modern presidents? we are going to put in the same system, barack obama and george washington. but their tasks of leadership, the resources they had to lead were very different. presidents were more clerks than they were leaders. in the 19th century, the main job of the president was to distribute patronage. they would appoint people to government offices. it was an entirely thankless task. and indeed a president gets assassinated in this role, james garfield. there is a institutional support for the president until 1857. they wind up paying their own staffers out of their own pocket. george washington hires his nephews to copy his letters. they have to take loans, like thomas jefferson. it leads to andrew jackson saying that being president was dignified slavery. it may be very unfair to compare premodern presidents with modern president. often the challenges are different. not until teddy result to the present even leave the country. --teddy roosevelt did a president even leave the country. our morals have changed. we will have normative impressions of presidential greatness. tha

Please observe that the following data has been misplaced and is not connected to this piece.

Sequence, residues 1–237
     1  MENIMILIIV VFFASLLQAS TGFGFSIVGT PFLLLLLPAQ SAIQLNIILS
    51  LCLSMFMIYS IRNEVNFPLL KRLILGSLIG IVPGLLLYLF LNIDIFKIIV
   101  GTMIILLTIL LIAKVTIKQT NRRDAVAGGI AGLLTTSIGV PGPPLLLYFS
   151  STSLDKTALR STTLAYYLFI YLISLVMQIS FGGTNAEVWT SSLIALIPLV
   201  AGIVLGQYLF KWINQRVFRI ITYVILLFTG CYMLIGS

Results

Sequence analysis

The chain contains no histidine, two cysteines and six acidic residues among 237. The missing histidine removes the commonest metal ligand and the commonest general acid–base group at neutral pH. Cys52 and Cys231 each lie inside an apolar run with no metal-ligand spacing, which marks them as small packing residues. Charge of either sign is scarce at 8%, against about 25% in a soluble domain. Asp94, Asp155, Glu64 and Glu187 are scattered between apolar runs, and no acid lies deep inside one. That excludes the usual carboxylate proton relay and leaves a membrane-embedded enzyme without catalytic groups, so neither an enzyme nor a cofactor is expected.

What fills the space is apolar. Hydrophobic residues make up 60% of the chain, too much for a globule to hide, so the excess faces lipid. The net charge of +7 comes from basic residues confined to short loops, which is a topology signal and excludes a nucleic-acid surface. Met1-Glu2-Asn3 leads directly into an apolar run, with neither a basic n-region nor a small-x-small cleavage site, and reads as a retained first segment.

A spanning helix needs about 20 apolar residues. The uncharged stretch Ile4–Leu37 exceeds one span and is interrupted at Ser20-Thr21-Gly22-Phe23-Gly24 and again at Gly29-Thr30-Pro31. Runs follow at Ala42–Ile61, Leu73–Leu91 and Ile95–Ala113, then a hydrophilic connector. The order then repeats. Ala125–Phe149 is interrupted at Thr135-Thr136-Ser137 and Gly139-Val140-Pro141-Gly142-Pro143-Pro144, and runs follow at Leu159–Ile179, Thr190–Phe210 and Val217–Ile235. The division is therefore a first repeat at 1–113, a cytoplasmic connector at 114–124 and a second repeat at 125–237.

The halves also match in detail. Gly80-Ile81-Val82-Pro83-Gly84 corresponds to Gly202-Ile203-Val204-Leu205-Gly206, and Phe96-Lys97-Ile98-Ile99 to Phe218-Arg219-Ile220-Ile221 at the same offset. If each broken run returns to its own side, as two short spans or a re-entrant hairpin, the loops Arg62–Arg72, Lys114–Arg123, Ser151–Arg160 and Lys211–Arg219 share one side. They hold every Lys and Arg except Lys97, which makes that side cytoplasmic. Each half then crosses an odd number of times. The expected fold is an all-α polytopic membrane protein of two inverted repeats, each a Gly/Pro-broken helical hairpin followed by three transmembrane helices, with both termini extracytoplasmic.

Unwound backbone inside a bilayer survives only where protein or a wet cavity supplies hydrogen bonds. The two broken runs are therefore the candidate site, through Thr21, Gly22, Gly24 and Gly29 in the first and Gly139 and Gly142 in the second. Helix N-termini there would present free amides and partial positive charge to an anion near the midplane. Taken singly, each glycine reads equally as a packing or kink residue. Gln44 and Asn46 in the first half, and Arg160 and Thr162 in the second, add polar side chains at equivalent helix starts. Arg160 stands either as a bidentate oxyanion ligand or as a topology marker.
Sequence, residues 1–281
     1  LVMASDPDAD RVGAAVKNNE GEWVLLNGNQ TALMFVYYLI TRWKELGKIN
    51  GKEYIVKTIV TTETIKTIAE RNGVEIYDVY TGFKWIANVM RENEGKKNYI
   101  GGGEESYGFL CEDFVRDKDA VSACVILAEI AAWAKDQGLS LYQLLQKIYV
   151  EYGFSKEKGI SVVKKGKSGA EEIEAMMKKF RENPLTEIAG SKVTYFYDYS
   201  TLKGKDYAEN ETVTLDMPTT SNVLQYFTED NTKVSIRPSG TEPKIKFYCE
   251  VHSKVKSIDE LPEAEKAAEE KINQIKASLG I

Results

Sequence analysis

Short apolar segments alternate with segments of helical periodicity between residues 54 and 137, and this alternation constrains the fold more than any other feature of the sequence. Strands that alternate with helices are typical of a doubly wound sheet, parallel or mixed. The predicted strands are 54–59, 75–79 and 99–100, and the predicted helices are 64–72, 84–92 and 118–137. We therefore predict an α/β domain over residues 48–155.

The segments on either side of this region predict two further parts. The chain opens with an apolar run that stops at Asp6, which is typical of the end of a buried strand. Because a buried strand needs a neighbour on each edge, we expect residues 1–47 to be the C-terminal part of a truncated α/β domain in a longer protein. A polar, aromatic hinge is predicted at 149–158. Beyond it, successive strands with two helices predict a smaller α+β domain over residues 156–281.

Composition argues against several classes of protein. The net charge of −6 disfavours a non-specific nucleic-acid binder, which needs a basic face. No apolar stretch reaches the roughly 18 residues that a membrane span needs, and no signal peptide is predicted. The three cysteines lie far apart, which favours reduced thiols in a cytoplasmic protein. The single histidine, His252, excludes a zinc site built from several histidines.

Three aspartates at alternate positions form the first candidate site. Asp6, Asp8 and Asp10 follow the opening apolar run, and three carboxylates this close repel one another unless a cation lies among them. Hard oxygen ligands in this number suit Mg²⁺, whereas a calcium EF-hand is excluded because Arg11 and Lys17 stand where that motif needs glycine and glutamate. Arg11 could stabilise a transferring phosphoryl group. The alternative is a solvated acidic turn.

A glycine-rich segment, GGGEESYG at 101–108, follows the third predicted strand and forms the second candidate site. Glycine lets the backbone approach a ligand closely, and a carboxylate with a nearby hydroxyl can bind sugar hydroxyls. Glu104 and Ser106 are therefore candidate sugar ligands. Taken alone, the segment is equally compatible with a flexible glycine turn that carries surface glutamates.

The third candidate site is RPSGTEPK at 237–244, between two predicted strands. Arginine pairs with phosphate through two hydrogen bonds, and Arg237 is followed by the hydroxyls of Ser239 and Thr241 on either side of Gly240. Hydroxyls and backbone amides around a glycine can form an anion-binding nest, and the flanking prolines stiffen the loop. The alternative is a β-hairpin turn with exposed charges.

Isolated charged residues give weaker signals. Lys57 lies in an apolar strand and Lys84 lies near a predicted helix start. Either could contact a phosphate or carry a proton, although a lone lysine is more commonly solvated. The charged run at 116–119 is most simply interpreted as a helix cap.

CSPAN
Oct 31, 2015 8:00pm EDT
takes at morehouse. he is taught by professor named george kelsey. i had the privilege of meeting george kelsey. , well a wonderful educated person who i could see a martin would see as a role model. because, from his own father, he gets this kind of religion that is what i would call "old-time religion." a lot of emotion, not too much and reason theology and things like that. kelsey, what he gets is that you have to get behind the myth of the bible. , you havehe stories to understand what is their deeper meaning. george kelsey is a well-educated person who have studied the bible and understood a lot of the historical context and sees it as a historical document, something that you could go back "why did they write this the way that they did?" what you find from that is that here he is, doing this when probably most of us are not trusting the way he did. really that he is striking is that he is doing to set 13 years old, 14 years old, , at a time when most of us except things without much deeper thought. the ghost of his. of questioning -- he goes to this period of questioning. ke
CSPAN
Oct 24, 2015 8:00pm EDT